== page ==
[Foundation-l] Criteria for the closure of projects.
andreengels at gmail.com
Thu Apr 10 14:05:37 UTC 2008
2008/4/10, Gerard Meijssen <gerard.meijssen at gmail.com>:
> For quite some time, we have had people arguing for the closure of projects.
> I have seen many arguments pro and against closures. What has been missing
> in all these projects are objective criteria why it makes sense to find
> fault with a project.
> I have come up with three objective arguments.
> - A project is not what it is advertised to be. For instance when a
> language is always written in a particular script, a project in any other
> script is problematic.
With this I agree. Other examples are:
* A Wikipedia with only or mostly 'articles' of length 1 line or less
* A Wikisource with only or mostly source material in another language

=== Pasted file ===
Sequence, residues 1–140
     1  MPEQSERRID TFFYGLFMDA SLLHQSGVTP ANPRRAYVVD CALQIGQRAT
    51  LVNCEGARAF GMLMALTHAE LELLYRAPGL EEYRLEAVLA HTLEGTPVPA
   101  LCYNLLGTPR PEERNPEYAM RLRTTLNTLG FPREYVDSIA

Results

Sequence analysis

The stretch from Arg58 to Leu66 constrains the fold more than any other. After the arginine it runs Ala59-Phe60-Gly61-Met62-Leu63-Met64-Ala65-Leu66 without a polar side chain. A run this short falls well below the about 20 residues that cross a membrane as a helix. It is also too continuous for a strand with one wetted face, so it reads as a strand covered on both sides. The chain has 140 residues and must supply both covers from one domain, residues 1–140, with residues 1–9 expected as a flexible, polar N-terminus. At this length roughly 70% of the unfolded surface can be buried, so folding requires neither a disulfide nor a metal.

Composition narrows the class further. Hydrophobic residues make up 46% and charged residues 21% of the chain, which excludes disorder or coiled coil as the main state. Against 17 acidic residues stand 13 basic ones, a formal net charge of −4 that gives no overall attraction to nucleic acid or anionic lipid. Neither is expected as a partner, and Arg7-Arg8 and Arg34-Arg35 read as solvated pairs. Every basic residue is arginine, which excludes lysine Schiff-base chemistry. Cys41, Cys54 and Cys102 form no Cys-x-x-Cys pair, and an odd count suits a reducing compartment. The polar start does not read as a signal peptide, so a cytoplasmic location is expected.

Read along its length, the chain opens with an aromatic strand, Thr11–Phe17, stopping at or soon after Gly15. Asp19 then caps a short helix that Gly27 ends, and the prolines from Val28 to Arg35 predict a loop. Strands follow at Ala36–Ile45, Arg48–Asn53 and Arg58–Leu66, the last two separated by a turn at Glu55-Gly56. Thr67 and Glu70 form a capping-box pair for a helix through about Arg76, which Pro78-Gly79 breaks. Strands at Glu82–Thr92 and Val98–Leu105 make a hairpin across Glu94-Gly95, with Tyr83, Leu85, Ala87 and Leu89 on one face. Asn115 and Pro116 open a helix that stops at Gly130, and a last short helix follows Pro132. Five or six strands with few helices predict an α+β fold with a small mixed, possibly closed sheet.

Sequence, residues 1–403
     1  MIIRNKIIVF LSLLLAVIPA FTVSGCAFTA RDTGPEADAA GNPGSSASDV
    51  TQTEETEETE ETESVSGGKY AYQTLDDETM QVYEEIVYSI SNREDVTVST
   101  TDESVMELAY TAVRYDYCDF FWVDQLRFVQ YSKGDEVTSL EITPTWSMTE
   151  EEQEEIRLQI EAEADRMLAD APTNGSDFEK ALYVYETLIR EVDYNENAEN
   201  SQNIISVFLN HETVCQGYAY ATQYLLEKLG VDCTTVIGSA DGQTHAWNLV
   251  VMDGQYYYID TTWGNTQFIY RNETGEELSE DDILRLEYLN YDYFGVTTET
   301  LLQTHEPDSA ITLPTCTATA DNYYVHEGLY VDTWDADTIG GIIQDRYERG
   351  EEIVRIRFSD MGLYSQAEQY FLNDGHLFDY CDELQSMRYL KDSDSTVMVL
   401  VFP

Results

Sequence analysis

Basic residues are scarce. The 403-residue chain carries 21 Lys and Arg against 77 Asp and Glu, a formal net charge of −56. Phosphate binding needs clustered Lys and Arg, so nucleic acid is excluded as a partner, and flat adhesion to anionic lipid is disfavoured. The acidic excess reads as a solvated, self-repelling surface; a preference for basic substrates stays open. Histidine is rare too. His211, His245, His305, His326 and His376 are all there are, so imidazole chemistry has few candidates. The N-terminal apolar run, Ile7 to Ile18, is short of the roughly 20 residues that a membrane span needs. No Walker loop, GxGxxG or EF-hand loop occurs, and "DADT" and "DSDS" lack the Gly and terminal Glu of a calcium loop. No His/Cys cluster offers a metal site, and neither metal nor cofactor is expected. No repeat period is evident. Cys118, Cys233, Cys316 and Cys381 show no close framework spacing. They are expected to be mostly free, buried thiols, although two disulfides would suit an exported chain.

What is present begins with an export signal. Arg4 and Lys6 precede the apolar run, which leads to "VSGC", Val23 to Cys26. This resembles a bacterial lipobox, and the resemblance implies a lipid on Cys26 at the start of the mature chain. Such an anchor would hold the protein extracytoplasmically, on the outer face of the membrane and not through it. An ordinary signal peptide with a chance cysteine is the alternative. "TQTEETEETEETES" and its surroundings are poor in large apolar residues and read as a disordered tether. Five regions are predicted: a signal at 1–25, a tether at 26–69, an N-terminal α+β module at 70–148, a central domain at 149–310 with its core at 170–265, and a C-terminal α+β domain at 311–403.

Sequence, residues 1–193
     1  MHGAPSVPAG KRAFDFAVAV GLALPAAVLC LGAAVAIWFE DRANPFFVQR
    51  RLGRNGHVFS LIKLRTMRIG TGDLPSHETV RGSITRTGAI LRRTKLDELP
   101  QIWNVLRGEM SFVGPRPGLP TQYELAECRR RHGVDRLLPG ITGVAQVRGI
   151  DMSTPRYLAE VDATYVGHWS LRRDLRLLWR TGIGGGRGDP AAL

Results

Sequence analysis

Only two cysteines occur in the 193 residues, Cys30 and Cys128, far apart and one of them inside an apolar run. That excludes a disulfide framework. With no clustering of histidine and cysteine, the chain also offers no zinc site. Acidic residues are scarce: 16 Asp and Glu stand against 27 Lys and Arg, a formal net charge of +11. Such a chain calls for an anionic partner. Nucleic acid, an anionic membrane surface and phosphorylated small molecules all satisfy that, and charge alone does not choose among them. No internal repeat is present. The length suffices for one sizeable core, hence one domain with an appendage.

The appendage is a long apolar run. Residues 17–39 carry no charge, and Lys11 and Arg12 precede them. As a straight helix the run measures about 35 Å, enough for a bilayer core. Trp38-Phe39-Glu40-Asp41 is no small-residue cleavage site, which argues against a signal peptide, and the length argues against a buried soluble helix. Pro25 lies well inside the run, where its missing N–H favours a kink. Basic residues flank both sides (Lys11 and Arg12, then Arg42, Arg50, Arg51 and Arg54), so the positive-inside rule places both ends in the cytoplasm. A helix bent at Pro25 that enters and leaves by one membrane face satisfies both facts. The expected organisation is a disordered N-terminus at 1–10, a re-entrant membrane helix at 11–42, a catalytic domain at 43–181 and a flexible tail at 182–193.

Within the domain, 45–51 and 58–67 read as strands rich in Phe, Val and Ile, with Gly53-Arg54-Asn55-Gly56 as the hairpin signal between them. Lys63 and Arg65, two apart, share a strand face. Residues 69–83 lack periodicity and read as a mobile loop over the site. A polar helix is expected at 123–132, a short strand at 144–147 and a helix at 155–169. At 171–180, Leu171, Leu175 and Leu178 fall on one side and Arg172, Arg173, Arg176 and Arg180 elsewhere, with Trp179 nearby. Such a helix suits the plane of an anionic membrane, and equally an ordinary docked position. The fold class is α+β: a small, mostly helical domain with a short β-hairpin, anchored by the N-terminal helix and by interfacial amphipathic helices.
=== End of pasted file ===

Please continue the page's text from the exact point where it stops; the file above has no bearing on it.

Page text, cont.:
than the project's own
> - A project does not have at least 90% of the most relevant messages
> localised. For your information there are only 498 messages in this category
> at the moment.
I disagree. I still don't agree that message localisation is an
important factor in allowing or disallowing a language; also, this
would put the limit high on the first project in a language, very low
for subsequent ones. A well-developing Wikipedia in a new language
might be excluded by this criterium, whereas a dead Wikisource or
Wikinews might easily reach the goal simply by copying from its
> - A project should have at least 1000 articles. When there is nothing
> to see what is the point ?
Development. As said by others, ongoing development is more important
than actual article number. I would measure this by active users - at
least 3 (or 5?) active users (measured by number of edits in a month.
Measurement in number of articles is also problematic because the
various types of projects are quite different in that. A Wiktionary
with 1000 words is still a small startup, a Wikinews with 1000
articles is quite serious already.
Andre Engels, andreengels at gmail.com
ICQ: 6260644 -- Skype: a_engels
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